In February, Registered Rep. will introduce a new monthly column, “The Ethical Rep,” perhaps the first of its kind in the securities industry.

A team of more than 30 prominent securities attorneys, law school professors and industry experts will answer questions that you, our readers, send anonymously to the magazine.

Have you been asked to do something at work that sets off alarm bells in that part of the brain that houses the conscience? Have you seen someone at your firm pushing the envelope perhaps a little too aggressively? Are you hesitant to consider changing firms because you don't fully understand the implications of such a move on your client base? If you've answered “yes” to any of these questions (or if you have any others), don't lose any beauty sleep over them. Just put the issue to our experts.

Each month a handful of questions and answers will be published. To ensure each query gets a comprehensive answer, questions will be answered by two experts. The opinions expressed in the column will be theirs (not necessarily those of Registered Rep.) Experts will be identified by name, title and firm or university, in case you want to contact them to follow up.

And, don't worry about your identity being divulged. If you wish to remain anonymous, we'll happily honor that request. Though it helps to have some contact information in case we need some clarification on your question, we understand that some questions — indeed, many of the best questions — will probably require that the asker remain in the shadows.

You can send your questions to Registered Rep.'s contributing editor Ann Therese Palmer, who will coordinate the column. A.T. can be reached at:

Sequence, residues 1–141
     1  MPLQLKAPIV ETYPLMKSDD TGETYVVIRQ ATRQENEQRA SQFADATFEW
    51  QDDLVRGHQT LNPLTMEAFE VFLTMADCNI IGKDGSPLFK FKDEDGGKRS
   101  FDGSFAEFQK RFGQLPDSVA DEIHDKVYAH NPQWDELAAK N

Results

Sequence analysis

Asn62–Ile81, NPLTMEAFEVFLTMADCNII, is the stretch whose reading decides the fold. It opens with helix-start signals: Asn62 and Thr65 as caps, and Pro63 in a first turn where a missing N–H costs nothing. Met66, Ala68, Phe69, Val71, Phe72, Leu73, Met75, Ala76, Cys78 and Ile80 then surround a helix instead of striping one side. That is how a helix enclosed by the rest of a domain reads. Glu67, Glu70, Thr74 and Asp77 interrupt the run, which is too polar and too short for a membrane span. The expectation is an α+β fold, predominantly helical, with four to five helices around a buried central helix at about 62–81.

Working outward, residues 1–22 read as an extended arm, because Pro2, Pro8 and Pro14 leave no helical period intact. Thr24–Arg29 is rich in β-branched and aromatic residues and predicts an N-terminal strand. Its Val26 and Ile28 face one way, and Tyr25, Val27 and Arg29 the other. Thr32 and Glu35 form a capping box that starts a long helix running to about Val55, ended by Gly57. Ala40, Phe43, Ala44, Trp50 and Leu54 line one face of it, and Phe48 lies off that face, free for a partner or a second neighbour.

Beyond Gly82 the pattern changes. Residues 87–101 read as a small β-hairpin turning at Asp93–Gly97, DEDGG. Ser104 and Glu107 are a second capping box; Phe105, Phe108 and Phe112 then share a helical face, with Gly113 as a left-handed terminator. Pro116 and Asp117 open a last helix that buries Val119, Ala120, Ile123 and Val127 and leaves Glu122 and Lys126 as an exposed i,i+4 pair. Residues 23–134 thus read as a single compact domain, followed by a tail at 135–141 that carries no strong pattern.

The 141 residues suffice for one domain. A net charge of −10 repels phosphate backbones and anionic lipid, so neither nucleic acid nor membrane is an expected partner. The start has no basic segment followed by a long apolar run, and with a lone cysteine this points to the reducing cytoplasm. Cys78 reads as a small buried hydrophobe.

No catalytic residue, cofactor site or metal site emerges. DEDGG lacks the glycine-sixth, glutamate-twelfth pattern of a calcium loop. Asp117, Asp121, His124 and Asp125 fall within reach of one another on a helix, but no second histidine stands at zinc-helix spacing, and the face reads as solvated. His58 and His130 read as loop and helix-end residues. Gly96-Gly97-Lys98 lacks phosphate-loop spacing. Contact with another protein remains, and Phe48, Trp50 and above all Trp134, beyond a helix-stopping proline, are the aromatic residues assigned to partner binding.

Mail: Registered Rep., 249 West 17th Street, Third Floor, New York, N.Y. 10011-5300


Fax: (212) 206-3923

A non-practicing Chicago attorney, Palmer is a veteran, prize-winning freelance financial reporter whose work frequently appears in BusinessWeek magazine and the Chicago Tribune business section. She also has a Master of Business Administration degree from the University of Notre Dame, where she earned an undergraduate degree in 1973.

“In the last year, it's become apparent the securities industry has changed so quickly and fundamentally it's tough for brokers and salespeople to stay current on what's right and proper,” Palmer says. “What's legal concerning broker hiring, voluntary and involuntary termination from firms is also changing in many ways. Yet because people are working harder than ever, there isn't the time to keep up with new ethical and legal developments.”

We've recruited the best and the brightest to answer your questions, but the success of this column depends on you. It's not going to work unless we hear from you.

We thank you for your support. Drop us a line with your comments at: 249 W. 17th St., New York, N.Y. 10011-5300. Or email us at Publisher Rich Santos can be reached at